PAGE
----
When parent testimonies take on a life of their own, the well-meaning parents responsible may have lost their way, lost their boundaries, and even lost their recollection of the child that actually was – a happy, healthy boy who has been learning, loving, and making progress all along.

Internet testimonies and fantastic treatment claims: approach with caution.

Advancing paternal age and risk of autism

2 Dec

This isn’t the first study to look at paternal age as a possible risk factor for autism but it is, I believe, the first meta-analysis of the subject. The conclusions of the study were:

Based on data from a birth cohort, a family-based study and a meta-analysis, we provide the strongest and most consistent evidence available that advancing paternal age at the time of birth of offspring increases the risk of autism. De novo germline mutations, epigenetic alterations and life course toxic exposure may partly explain the observed association. The evidence is substantial enough to justify a search for the underlying mechanisms in both human and animal models

An interesting conclusion for a few reasons. First and foremost the idea of paternal age being a definite risk factor for autism. Secondly the authors don’t shy away from the idea that ‘life course toxic exposure’ may explain the association. Its not exactly a new observation amongst science (despite what some observers think) but its good to see it placed so clearly amongst the other clear risk factors.

There will be those, I predict, who will have a go at this study for somehow ‘blaming’ fathers/parents. It has happened in the past and will no doubt have the same effect on those who’ll attack this study for their own reasons.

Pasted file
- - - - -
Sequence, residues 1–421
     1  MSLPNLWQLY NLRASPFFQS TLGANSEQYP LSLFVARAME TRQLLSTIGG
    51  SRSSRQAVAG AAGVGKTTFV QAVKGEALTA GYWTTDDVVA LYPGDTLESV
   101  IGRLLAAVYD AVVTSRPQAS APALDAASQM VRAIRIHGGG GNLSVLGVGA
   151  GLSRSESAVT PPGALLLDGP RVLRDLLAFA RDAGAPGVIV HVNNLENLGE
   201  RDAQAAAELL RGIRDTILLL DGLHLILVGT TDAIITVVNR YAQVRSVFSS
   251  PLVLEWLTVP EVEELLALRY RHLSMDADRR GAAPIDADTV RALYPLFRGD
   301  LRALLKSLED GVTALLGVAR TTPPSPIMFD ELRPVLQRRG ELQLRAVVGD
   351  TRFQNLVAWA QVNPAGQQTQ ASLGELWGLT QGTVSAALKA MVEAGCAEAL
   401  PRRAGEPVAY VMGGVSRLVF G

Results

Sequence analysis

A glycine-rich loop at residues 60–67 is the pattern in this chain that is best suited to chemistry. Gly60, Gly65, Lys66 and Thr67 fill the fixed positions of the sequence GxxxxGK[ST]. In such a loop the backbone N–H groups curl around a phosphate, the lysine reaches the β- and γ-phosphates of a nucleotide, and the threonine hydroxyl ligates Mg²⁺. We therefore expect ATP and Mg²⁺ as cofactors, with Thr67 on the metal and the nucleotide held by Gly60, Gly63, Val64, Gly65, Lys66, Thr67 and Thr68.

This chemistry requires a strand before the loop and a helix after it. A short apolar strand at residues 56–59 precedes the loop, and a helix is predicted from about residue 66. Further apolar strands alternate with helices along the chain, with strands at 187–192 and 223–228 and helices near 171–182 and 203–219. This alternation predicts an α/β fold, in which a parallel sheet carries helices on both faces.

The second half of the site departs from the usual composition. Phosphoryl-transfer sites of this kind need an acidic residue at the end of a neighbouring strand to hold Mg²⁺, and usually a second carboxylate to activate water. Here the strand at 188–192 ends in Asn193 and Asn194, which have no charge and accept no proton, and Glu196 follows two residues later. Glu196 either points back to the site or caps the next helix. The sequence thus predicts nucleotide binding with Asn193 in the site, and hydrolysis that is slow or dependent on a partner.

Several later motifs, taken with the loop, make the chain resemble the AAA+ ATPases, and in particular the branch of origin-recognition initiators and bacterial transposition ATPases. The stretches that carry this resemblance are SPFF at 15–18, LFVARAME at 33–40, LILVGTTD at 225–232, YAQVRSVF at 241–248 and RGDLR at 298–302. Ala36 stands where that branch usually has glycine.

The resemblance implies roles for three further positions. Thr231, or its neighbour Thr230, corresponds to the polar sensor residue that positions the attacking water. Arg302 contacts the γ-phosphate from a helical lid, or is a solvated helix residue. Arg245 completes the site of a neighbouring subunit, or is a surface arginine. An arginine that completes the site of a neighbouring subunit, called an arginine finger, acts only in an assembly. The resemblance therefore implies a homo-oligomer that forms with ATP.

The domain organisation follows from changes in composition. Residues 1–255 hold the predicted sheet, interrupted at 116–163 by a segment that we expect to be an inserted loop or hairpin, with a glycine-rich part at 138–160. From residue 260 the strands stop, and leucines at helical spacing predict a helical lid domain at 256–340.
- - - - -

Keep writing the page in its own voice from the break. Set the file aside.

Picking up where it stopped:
A reminder for neurodiversity

2 Sep

Its been awhile since I blogged about neurodiversity and why it matters to me as a concept. Two recent events in my own life has made me more aware of that than usual.

In the first event, which concerns me directly, I have had to have a change in the medication I take that helps me regulate the manic depression (bipolar) I am diagnosed with. Nobody knows why I need to adjust my medication, only that it needs adjusting and so I shall shortly have Lamotrigine added to the medication regime I have to take.

How does that remind me about neurodiversity? It reminds me that the basic tenets of neurodiversity – respect for the individual differences those with different neurological makeups have – are my best way of being able to move forward in this world. More on this later.

In the second event, which occurred to some of my new family two days ago, myself, my partner and her two daughters – of whom the eldest (she is 4) is autistic – were shopping. Lily began to have a meltdown, a not unknown event in supermarkets for her and one for which we have a carefully worked out strategy. However, this time our strategy was rudely interrupted when a young woman began to shake her head, gawp openly at Lily and make tutting noises. She obviously felt Lily was a naughty child, rather than an autie child.

My partner and I decided that we had had enough of people judging Lily and so remonstrated with this woman. We both explained that Lily was autistic and unable at the age of four to regulate herself in high impact environments but we had to eat and anyway why should we exclude Lily from coming out with us as a family?

The woman waved her hand at us both in a casual dismissal and said we weren’t ‘controlling’ her properly. I smiled through gritted teeth and asked her what she knew about autism. She refused to answer. I asked her again and she walked off with another casual wave of dismissal. My partner’s by now angry shout of ‘shes autistic and a little girl, she can’t help herself’ following her down the aisle.